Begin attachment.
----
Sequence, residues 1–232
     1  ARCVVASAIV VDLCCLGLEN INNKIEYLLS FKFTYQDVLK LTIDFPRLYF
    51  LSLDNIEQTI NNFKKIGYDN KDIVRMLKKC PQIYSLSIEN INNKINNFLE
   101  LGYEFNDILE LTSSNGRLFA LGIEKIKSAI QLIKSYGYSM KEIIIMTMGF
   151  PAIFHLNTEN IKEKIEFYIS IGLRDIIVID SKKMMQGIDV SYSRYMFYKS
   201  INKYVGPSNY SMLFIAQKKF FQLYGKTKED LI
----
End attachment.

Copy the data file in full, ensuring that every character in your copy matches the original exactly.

Sequence, residues 1–232
     1  ARCVVASAIV VDLCCLGLEN INNKIEYLLS FKFTYQDVLK LTIDFPRLYF
    51  LSLDNIEQTI NNFKKIGYDN KDIVRMLKKC PQIYSLSIEN INNKINNFLE
   101  LGYEFNDILE LTSSNGRLFA LGIEKIKSAI QLIKSYGYSM KEIIIMTMGF
   151  PAIFHLNTEN IKEKIEFYIS IGLRDIIVID SKKMMQGIDV SYSRYMFYKS
   201  INKYVGPSNY SMLFIAQKKF FQLYGKTKED LI